Once you learn how to fly an airplane you begin to think about what you can do with an airplane, and learning to fly upside down is one of the first that comes to mind. For the uninitiated Air & Space Magazine published an article titled "How Things Work: Flying Upside Down" which is pretty interesting. It gives a great explanation of what needs to happen to the airplane if you want to fly upside down.
Sean D. TuckerSome pilots are born to fly upside down, and among those elite pilots is one Sean D. Tucker. Sean's has spent a lifetime searching for excellence and perfecting his flying skills. Tucker is one of those "throttle to the wall" kind of pilots who make airplanes do things ordinary human beings wouldn't believe are possible. Since the mid 1970s Sean has performed more than 1,000 times at more than 450 airshows in front of more than 100,000,000 fans!
A Living LegendAmong his many accomplishments Sean has been named one of the Living Legends of Aviation, was inducted into the National Aviation Hall of Fame, received the Crystal Eagle Award, the General Charles E. Yeager International Aeronautical Achievement Award and inducted into the USAF Gathering Eagles. This puts Sean in an elite group of aviators that include Jimmy Doolittle, Chuck Yeager, Bob Hoover, Gene Cernan and John Glenn.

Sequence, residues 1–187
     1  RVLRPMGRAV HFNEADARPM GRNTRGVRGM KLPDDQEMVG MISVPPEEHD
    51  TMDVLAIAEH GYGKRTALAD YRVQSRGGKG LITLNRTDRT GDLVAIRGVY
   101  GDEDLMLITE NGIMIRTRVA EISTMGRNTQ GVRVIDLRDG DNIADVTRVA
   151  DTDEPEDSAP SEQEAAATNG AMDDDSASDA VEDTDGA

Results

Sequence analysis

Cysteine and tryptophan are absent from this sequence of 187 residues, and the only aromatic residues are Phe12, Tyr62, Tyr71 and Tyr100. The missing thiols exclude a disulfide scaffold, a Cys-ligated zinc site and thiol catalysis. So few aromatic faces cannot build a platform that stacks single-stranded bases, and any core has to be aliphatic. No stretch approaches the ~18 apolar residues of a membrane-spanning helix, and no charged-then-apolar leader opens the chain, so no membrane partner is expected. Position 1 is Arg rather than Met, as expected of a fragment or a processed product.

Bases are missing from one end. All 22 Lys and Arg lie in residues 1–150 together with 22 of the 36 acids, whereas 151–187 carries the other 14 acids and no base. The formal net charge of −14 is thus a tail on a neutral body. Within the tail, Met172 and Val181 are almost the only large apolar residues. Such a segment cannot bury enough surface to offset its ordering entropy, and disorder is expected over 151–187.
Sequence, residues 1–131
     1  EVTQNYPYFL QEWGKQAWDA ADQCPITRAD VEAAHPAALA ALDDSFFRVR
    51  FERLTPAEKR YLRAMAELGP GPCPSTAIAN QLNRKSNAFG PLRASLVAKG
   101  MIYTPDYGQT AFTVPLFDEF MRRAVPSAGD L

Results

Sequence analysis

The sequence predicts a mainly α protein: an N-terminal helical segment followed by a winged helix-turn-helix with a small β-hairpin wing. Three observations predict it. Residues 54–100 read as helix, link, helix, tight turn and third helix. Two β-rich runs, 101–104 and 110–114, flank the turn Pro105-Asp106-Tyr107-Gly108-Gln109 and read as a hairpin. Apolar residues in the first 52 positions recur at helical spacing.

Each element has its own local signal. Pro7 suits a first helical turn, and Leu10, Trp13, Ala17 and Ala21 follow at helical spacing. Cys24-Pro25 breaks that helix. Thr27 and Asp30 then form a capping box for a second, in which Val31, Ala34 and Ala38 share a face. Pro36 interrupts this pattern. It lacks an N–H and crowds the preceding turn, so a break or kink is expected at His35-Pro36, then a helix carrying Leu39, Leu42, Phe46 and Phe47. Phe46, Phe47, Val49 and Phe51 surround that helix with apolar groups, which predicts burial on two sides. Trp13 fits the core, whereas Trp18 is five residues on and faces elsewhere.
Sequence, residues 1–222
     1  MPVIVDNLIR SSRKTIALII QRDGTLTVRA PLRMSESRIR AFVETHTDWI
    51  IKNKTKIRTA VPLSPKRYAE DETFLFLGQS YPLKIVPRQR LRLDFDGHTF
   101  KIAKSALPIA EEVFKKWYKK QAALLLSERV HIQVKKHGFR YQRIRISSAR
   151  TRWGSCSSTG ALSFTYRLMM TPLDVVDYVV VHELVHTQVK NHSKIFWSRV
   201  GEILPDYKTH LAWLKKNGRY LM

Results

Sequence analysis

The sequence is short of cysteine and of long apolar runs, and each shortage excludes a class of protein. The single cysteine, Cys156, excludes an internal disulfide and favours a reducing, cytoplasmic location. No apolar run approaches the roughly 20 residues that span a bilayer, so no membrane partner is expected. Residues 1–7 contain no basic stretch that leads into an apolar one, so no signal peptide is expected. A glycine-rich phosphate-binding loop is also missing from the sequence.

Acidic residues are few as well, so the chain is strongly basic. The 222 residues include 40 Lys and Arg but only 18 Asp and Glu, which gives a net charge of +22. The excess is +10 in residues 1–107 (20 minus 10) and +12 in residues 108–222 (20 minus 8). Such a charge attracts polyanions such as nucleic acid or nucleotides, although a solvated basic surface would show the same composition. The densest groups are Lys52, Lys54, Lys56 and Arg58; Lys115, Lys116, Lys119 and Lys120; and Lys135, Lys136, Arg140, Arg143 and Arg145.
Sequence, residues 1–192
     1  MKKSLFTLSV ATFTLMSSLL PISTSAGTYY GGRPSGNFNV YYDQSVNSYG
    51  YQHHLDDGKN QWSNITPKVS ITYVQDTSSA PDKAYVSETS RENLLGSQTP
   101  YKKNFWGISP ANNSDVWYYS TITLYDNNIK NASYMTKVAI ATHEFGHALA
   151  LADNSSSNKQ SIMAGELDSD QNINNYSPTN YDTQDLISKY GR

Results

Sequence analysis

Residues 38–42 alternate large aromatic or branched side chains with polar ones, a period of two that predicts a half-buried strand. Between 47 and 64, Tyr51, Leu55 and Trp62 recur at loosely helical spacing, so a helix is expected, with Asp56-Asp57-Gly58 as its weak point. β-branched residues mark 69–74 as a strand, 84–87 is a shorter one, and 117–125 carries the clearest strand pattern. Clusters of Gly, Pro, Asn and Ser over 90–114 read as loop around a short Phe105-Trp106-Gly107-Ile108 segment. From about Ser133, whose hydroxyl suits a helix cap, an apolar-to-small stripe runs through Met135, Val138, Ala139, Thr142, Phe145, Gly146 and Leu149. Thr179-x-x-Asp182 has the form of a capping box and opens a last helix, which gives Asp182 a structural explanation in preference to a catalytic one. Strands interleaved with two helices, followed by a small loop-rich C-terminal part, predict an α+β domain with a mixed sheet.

The Early DaysFrom 1994 through 1997 Sean flew the 330hp Randolph Sunglass Challenger tumbling through the skies in his famous "Sky Dance" routine. But his night time performance of "The Star Dance" in the Randolph Sunglass Challenger was more like an aerial ballet, complete with wingtip and tail mounted pyrotechnics to delight the crowds. Every day Sean strives to improve his flying technique with a stringent personal fitness regimen and daily practice sessions in the air where he loves to fly upside down. He works hard to hone his timing to within a few hundredths of a second to safely perform his repertoire of breathtaking, high powered maneuvers performed split seconds above the ground.
Learning To Fly Upside DownSean began learning to fly upside down in 1973 at Amelie Reid School in San Jose, CA, and two years later purchased his first aerobatic aircraft. By 1988 he reached the pinnacle of aerobatics by being named the U.S. National Advanced Aerobatic Champion that year.
Team OracleToday Sean Tucker flies for Team Oracle performing at a series of airshows flying his red and white Oracle aircraft. Sean is the world's only pilot to perform a triple ribbon cut. He flies through the ribbons at 220 mph in right knife-edge for the first ribbon, then left knife-edge and finally inverted. The ribbons are only 25 feet off of the ground and 750 feet between each set.
See Sean Tucker In Action